Soaring Above the City

29 Oct, 2017 | Matthew Grace

Urban living and Enterprise & Industry

Photos: Iván Rodriguez - Matthew Grace

Orgullo Paceño for the Ultramodern Cable-Car Mass-Transit System

On September 29, the newest line of La Paz’s state-of-the-art cable-car system – el teleférico – was inaugurated in a raucous celebration in Plaza Villarroel in the Miraflores neighbourhood, just north of the center of the city. Thousands of paceños thronged the public square. The new teleférico station shone in the strong spring sunlight; vendors taking advantage of the festive crowd hawked choripan, sodas and trinkets; and children waved Bolivian flags while musicians entertained the celebrants from a large stage set up under the gossamer cables upon which the new orange cable cars dangled.

The Línea Naranja is the newest addition to the teleférico system, which now comprises five lines – the Amarilla, which connects working-class southern El Alto with the upscale neighbourhood of Sopocachi; the Verde, linking Sopocachi with the even more upscale Zona Sur district; the Azul, which connects the dusty northern El Alto neighbourhood of Río Seco with La Ceja, on the edge of the canyon in which the city of La Paz rests; the Roja, linking the Azul line to central La Paz; and now the Naranja, which joins the Azul and the Roja lines from Miraflores.

Mi Teleférico, the governmental transit agency, runs the largest urban cable-car system in the world – and it’s not even half-built yet, with six more lines due to open by 2019, when el teleférico will officially be at full capacity. It’s being constructed by the Austrian cable-car firm Doppelmayr, which arrived in Bolivia five years ago with only three employees. Today, there are 100 Doppelmayr architects and civil and industrial engineers involved in the design and planning of the cable-car system, along with an additional 800 to 900 other employees engaged in construction, maintenance and training – but not for long. According to Torsten Bäuerlen, the coordinating manager at Doppelmayr in Bolivia, the company’s contract includes all construction and on-site operational management for a year after each line is completed. After that, Mi Teleférico takes over fully. In fact, that’s already happened with the system’s oldest lines – the Línea Amarilla, for example, having opened in May 2014, is now already a strictly Bolivian-run enterprise. And, according to Bäuerlen, it’s running better than expected.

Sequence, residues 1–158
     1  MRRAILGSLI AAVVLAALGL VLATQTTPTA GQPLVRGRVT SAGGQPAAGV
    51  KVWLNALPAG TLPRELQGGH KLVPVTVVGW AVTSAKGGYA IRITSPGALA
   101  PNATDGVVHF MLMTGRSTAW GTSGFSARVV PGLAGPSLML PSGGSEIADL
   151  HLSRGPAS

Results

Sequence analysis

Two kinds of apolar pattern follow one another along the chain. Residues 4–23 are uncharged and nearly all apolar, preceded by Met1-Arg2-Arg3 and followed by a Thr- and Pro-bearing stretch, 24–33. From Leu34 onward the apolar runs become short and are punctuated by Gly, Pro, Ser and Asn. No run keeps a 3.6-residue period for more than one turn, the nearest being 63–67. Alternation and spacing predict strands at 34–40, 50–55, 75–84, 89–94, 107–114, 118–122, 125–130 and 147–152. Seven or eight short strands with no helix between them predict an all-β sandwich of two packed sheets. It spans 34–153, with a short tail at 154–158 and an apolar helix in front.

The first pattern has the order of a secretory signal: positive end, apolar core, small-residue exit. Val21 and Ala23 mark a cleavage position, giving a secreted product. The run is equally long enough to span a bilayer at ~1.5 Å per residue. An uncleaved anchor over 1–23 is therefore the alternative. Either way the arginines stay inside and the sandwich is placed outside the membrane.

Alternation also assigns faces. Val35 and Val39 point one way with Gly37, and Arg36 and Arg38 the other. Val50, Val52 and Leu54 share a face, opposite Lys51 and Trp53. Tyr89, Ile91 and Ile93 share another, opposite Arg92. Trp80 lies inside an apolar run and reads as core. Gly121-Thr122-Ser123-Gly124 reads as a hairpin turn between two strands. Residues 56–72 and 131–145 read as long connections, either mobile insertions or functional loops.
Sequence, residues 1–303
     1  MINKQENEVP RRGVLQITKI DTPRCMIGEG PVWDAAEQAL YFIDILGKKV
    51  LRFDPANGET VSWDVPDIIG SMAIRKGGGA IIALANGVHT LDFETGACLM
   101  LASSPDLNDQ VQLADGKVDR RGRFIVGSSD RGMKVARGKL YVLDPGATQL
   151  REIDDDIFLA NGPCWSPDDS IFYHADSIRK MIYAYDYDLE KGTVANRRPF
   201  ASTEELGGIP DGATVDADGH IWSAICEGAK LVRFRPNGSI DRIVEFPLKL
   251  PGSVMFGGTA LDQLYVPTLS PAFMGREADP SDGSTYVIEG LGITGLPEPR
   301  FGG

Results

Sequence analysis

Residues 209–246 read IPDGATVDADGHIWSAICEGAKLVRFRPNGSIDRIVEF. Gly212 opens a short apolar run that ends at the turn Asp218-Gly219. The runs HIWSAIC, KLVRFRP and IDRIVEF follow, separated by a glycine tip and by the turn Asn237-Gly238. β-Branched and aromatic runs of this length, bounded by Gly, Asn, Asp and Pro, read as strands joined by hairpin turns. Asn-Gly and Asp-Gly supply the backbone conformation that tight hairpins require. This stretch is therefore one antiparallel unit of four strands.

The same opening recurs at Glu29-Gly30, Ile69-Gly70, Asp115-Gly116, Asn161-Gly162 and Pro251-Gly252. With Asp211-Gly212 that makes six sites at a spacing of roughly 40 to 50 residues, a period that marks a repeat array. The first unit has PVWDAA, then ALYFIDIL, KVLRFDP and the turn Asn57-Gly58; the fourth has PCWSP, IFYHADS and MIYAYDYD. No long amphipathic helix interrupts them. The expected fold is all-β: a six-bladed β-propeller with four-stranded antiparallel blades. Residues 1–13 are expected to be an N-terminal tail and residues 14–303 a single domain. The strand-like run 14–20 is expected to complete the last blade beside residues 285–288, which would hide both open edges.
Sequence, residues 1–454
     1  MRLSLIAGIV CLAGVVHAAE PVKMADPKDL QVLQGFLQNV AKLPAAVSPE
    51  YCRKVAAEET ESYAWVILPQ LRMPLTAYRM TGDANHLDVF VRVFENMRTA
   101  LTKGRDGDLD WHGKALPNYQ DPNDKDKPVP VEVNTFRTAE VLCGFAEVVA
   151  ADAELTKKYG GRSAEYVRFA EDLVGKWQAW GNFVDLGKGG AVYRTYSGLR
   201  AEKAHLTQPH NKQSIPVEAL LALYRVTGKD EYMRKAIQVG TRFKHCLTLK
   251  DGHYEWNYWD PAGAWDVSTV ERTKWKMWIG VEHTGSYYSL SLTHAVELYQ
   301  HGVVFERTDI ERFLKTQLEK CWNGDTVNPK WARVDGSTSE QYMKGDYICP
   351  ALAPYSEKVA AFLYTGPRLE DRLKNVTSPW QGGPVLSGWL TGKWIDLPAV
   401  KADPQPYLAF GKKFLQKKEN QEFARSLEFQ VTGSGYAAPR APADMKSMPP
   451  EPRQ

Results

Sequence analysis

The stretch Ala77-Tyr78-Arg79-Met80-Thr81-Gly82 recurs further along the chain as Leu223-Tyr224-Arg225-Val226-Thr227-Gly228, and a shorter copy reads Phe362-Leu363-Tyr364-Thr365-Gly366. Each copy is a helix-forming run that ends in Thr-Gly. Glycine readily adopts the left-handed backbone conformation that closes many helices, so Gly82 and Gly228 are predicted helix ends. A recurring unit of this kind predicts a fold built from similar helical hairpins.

At first, Bäuerlen says, ‘We were a little worried’ about constructing such a high-tech system and handing it over to the Bolivian agency. While Austria has employed cable-car systems successfully for decades – think of all those ski resorts in the Alps – in Bolivia, which has a stunted infrastructure and little technological capacity, such a transit system was a quantum leap into the future. But, says Bäuerlen, the Mi Teleférico agency ‘does a really good job; they’re really good operators and maintenance technicians.’

Bäuerlen conveys a sense of pride about his role in establishing el teleférico in La Paz and sharing a bit of his country’s technological patrimony with another country that, while similar in topography to his own, is so culturally distinct. Paceños, too, express pride when speaking about el teléferico. Edgar Sánchez, a celebrant at the Línea Naranja’s inauguration ceremony, said, ‘It’s 21st-century progress. It allows us to travel as rapidly as possible. It’s an example at the international level.’

Although the topography of La Paz adds to the city’s beauty, it also contributes to its pollution and traffic congestion. Extremely rugged hills and impenetrable rocky peaks create magnificent vistas, yet they also form bottlenecks for ground travel – not to mention trapping in car exhaust. Few roads connect the city of El Alto, which is on the altiplano and has a population of nearly a million, with La Paz, a city equal in size but more rugged in terrain. Light rail, subways, even articulated buses are unable to tackle the extremes of elevation here, leaving transit, until now, a mishmash of minivans and the occasional larger Pumakatari bus – a relatively new transit solution.